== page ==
Another big bluefish season in the works?

Matt Adams, of Dewey Beach, proudly shows off a monster bluefish. (Submitted photo)

Matt Adams, of Dewey Beach, proudly shows off a monster bluefish. (Submitted photo)

Spring turkey season is off to a good start. Hunters are out and about and despite the winds and are bagging some nice birds.

Opening day was nasty but many were out trying for their first thunder chicken of the season.

“The rain wouldn’t stop us on the first day of Delaware turkey season,” said Jeff Purdy of Lewes.

He coaxed a 22-pound turkey with a 13-inch beard and 1-inch spurs in to 18 yards for his father Vince Purdy.

The boys did well and later that day Jeff got his own bird.

New arrivals

We have two more spring visitors finally showing up and both have been highly anticipated.

Tautog made an appearance at the Indian River Inlet over the weekend. People were catching a few on green crabs.Outdoors column logo by . Not a huge amount of fish caught but the catches were quality fish. The Inlet water has been murky due to the winds but the fish are biting.

The bluefish have arrived and many of us are very excited to see that again this year. How long it will last is a good question.

Last year, we had bluefish along the coast for seven weeks. Not little bluefish like the summer fish, but the big gator blues, slammers, the yellow eyed devils.

Mark Parrish caught one on Sunday form the surf.

“Sunday I was using mullet about 3:30 p.m.,” he said. “Still waiting on the rest of his family members to show up! We started at Conquest and worked south. Seems to have been a random catch as I didn’t have any hits all day. I had 4 rods out-bunker, fish bites, mullet, sand flea. Just though I would cover the bases.”

The bluefish are showing up in the nets up north, and that is how it started last year.

Mark Parrish, of Wilmington, pulled in this big bluefish from the surf. (Submitted photo)

Mark Parrish, of Wilmington, pulled in this big bluefish from the surf. (Submitted photo)

First the netters were getting huge bluefish and then the fish were all over the beaches and more kept showing up. This could last for weeks like last year, or for a week, or a day, there is no telling. If you want in on this you are going to have to get out there. Mullet rigs are working now but bunker chunks to do the trick. Also work the cuts with silver casting spoons and 2 ounce bucktails.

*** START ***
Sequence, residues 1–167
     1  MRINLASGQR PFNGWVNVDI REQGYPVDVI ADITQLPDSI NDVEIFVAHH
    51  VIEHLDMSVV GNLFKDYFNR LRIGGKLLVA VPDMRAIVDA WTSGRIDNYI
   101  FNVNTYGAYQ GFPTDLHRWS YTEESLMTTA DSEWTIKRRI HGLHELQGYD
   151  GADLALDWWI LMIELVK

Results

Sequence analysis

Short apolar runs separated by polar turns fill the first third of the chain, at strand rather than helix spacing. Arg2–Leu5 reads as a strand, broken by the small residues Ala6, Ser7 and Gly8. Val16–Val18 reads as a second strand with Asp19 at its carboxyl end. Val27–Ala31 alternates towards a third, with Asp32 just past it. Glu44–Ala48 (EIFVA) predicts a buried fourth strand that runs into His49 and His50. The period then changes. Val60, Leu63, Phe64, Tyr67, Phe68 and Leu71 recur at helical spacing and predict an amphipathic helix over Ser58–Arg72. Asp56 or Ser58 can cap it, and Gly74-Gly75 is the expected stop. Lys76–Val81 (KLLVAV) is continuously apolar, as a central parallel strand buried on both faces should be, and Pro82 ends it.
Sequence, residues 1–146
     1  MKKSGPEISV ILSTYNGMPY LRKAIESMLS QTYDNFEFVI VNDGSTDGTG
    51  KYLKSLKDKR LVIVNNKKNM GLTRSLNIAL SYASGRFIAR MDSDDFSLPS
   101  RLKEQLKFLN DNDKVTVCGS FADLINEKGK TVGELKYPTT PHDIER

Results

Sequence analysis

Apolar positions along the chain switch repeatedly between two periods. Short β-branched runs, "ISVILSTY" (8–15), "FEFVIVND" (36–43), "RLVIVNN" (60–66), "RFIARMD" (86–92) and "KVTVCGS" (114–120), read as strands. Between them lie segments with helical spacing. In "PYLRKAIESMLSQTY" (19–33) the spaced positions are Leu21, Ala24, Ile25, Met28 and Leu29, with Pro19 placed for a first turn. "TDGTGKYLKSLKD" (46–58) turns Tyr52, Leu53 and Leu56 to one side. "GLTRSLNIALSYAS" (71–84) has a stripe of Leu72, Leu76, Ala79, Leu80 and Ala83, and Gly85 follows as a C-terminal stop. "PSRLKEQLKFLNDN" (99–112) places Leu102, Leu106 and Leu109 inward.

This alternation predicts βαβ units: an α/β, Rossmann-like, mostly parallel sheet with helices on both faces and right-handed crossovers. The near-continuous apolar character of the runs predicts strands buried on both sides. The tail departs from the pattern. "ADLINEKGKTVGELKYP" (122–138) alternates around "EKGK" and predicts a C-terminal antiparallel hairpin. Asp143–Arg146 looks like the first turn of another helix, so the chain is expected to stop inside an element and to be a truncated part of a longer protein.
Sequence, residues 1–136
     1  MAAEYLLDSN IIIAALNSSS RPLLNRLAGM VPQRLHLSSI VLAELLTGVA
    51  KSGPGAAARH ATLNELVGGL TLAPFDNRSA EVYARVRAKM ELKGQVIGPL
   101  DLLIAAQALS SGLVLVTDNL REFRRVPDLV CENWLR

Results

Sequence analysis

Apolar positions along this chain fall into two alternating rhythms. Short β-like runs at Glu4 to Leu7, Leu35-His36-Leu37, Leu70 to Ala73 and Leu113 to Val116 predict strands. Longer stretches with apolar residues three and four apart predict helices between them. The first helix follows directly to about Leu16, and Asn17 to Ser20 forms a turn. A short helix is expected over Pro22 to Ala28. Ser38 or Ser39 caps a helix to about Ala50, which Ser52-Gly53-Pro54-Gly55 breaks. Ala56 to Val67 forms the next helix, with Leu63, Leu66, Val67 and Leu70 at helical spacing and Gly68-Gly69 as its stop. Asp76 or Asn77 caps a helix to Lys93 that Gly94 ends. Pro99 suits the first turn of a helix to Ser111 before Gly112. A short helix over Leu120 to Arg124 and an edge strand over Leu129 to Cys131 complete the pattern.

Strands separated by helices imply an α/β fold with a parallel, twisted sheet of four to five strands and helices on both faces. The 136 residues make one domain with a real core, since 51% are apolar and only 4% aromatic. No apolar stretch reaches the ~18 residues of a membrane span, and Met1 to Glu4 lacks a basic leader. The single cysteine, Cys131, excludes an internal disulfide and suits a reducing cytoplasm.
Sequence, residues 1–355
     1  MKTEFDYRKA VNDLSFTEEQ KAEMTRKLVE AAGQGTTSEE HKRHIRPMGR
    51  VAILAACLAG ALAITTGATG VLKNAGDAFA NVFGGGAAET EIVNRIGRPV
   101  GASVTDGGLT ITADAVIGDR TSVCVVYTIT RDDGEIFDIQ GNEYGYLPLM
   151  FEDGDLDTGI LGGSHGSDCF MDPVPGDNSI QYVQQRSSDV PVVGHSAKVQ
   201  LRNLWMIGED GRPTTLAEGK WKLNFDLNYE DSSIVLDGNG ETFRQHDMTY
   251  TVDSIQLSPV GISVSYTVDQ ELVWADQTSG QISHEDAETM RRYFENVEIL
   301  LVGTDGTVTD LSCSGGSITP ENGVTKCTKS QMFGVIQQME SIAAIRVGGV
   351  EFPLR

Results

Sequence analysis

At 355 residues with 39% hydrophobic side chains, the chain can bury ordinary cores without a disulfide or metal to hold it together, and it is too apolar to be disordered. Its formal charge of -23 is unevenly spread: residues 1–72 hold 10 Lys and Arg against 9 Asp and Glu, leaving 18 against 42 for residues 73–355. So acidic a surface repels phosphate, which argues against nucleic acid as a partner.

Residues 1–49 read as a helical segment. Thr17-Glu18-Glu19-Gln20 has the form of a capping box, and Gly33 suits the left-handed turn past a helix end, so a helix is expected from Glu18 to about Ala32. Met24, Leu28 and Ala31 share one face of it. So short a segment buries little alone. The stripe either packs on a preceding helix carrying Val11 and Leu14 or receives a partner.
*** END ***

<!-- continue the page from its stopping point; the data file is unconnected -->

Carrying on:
Bass in the bay

Striped bass is the one spring visitor everyone wants to go after the most.

The migratory bass have moved into the Chesapeake Bay and the spawning grounds are producing big catches in the catch and release areas.

The trophy season starts on Saturday for the Chesapeake Bay.

The Delaware Bay is seeing great catches form the Port Penn to Augustine Beach area and surrounding waters. You have to put in some time and you can catch some quality fish. Bunker chunks and whole bloodworms are the best baits.

Vince Purdy, of Lewes, scored this wild turkey. (Submitted photo)

Vince Purdy, of Lewes, scored this wild turkey. (Submitted photo)

Blue crabs up

Maryland’s DNR reported that the blue crab population is up by almost thirty five percent.

That is great news for crabbers in the Chesapeake Bay. Hopefully that trend will continue each year. The Delaware bay crab stock increased as well according to DNREC’s survey. The inland bays are not surveyed but there seems to be an ample amount of crabs this year.

Calmer winds needed

Now if the winds would just calm down, we could get ins some serious fishing time.

The water is stirred up but the temperatures are holding in the low 50s which is optimum fishing for these spring behemoths.

The weekend is looking rough with high winds and waves, but as many know that is perfect striped bass conditions. They like the rough water and will feed in any condition. You will need some serious weight to hold bottom, but it should be worth it in the long run.

Bunker chunks are good in the surf and bloodworms. The short striped bass action is still hot on all of the beaches and the shorts are bigger the farther you are south.

Boats are still having a tough time going out, the waters have been very nautical and small craft advisories are posted almost daily. If you are looking to book a charter, call ahead and see if they are running this weekend.

OC visitor

Mary Lee made an appearance near Ocean City recently. She is a 16-foot, 3,500-pound-plus mature female great white.

She was tagged in 2012 off the coast of Cape Cod and named Mary Lee after the OCEARCH expedition leader Chris Fischer’s mother.

On the river

The Nanticoke river is loaded with hickory shad and the American shad should show up any day now. Shad darts in tandem rigs are best for those catches. White perch action has slowed down in many of the tidal creeks.

Rich King’s column appears Thursdays in the Delaware State News.

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